One of the weirdest pseudoscientific beliefs of the Victorian era to have persisted to the present is that, as G. Stanley Hall, the first president of the American Psychological Association, said, “to be an only child is a disease in itself.” Few people put it quite like that these days, but the idea hangs on that there is something wrong with being an only child—that it’s unfair or even abusive of parents not to “give” their first children siblings and that only children turn out somehow damaged, if not exactly diseased. According to a summer 2023 Gallup poll, just 3% of people say that one is the ideal number of children to have—and just 6% of people with one child say it’s the ideal. That’s framed in terms of “ideal,” but you don’t get numbers that low unless there’s a widespread cultural view that there’s something wrong with it.
Reality is different. There’s a lot of research comparing only children with people from multichild families. And while it’s certainly possible to cherry-pick studies finding headline-friendly differences (only children are more likely to get divorced, according to the headlines on a study finding that the likelihood of divorce drops by a whopping 2% with each additional sibling, up to around seven), studies in general find small differences, and there are conflicting results across studies. As demographer Alice Goisis, who has researched cognitive differences between only children and those with siblings, has written, “We found that only children’s cognitive development by age 11 is more affected by things like their parents’ relationship and their family’s socioeconomic status than whether they have brothers and sisters.” It seems very likely that most of the differences supposedly uncovered by other studies are similarly small compared with other factors.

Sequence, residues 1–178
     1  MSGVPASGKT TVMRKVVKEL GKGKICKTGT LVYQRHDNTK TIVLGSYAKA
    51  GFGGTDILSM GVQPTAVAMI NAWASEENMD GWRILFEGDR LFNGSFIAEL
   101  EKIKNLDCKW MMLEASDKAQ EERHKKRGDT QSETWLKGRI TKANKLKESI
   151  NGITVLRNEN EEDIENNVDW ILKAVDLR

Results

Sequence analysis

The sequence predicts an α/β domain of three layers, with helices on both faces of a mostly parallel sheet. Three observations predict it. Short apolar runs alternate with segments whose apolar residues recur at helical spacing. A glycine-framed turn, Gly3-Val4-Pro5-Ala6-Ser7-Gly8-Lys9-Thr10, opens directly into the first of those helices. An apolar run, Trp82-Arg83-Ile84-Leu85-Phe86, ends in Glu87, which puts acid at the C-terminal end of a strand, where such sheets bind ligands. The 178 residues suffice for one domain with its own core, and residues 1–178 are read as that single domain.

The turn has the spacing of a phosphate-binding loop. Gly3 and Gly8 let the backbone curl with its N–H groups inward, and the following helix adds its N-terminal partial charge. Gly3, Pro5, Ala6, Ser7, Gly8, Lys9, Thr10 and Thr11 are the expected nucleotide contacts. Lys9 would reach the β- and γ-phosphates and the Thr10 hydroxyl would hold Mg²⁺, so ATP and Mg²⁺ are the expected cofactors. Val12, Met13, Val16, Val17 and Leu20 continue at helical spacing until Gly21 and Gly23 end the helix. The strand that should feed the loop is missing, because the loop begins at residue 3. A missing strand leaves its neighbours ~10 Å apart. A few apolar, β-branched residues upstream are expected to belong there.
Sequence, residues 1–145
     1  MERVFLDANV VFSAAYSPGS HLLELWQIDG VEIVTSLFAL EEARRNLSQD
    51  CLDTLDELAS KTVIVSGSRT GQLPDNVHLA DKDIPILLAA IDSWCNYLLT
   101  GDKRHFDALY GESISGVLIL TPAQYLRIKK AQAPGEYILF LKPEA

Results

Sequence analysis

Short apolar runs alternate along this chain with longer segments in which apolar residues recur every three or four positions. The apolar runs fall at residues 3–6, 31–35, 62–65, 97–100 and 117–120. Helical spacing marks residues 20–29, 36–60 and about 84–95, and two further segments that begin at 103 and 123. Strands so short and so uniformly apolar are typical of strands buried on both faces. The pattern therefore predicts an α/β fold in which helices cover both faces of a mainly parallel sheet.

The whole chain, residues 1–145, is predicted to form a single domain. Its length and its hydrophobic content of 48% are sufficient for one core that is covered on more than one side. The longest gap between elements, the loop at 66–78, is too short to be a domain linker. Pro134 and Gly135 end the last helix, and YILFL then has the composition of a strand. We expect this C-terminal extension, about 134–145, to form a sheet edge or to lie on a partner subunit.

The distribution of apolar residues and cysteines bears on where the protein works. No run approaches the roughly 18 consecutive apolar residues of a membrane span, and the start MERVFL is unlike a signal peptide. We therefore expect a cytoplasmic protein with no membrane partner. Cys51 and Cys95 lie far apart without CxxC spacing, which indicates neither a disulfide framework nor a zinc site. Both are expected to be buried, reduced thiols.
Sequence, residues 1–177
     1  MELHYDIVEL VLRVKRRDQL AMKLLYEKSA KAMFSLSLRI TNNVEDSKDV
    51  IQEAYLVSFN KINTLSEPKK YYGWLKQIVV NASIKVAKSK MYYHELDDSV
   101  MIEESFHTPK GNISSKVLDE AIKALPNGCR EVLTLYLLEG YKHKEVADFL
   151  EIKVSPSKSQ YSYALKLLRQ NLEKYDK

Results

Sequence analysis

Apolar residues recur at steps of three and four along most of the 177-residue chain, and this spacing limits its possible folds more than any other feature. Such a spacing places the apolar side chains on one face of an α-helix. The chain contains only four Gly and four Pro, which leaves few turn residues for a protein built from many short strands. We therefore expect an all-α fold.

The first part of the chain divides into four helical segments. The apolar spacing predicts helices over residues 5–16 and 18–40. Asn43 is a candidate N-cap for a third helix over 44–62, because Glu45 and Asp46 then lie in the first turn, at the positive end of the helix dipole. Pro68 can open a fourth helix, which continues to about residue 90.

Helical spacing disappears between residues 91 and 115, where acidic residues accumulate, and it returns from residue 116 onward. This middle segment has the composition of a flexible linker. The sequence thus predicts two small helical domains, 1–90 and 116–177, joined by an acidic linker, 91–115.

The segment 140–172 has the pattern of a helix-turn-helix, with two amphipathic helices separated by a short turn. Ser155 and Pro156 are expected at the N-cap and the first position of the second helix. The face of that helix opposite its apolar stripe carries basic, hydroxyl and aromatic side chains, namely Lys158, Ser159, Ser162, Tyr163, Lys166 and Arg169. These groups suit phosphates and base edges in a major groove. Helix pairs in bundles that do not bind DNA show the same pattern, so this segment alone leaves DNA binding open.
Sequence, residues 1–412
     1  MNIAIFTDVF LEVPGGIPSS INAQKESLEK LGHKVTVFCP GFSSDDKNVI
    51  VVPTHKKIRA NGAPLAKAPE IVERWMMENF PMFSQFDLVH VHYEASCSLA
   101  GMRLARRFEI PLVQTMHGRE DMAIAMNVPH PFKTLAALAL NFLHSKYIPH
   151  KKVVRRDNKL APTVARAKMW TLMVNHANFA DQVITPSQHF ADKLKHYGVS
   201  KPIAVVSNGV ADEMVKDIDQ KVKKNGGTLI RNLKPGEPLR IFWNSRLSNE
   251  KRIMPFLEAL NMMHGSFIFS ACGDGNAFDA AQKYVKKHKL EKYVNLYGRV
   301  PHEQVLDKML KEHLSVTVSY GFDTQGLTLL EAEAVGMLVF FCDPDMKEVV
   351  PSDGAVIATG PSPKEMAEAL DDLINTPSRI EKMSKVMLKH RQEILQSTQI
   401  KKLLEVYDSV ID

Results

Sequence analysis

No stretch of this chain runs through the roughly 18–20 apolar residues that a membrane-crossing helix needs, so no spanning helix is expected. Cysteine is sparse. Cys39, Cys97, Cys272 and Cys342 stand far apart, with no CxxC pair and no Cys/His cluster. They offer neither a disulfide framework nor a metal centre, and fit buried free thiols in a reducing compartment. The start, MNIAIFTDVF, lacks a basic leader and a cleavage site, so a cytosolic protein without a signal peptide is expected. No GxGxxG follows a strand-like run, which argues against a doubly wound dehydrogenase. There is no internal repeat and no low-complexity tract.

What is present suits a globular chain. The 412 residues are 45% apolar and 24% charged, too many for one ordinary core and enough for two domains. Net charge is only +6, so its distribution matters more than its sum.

Then there are the plausible outcomes of growing up in a world that believes there’s something wrong with you or your family structure. As Chiara Dello Joio wrote in The Atlantic in 2022, “It’s tough to distinguish inherent only-child qualities from those that develop in a sibling-centric world.” So this is where (and I’m only partly trolling here) I want to argue that it’s not just that the prejudice against only children and one-child families should go the way of other Victorian pseudoscience. No, we need to be more willing to acknowledge the largely unacknowledged problems with multichild families.
Full disclosure: I’m an only child as well as the parent of an only child. And while some only children report having wished they had siblings (though how much of that is because they got the persistent message that there was something wrong with them?), I ardently wished to remain an only. That said, I maintain that the case for one-child families is at least as strong as the case against, on the merits and distinct from my preferences. Which is to say, different things will work for different people and all family structures can be wonderful, but if the society at large gets to judge my family based on flimsy evidence and a whole lot of sexist views about women as vessels for bearing and caring for children, I get to return the favor and argue that the societal ideal isn’t necessarily so ideal.
Let’s start with the most socially unacceptable arguments: Having siblings isn’t always a great thing, emotionally speaking. We’re told that having a sibling means you’re never alone. As the story goes, you have companions in childhood and, later, partners in caring for aging parents. But siblings can be a mixed bag: “Tense sibling relationships make people more likely to use substances and to be depressed and anxious in adolescence. Moreover, sibling bullying makes a kid more likely to engage in self-harm as a teen and to become psychotic by age 18,” Ben Healy wrote in The Atlantic in 2018.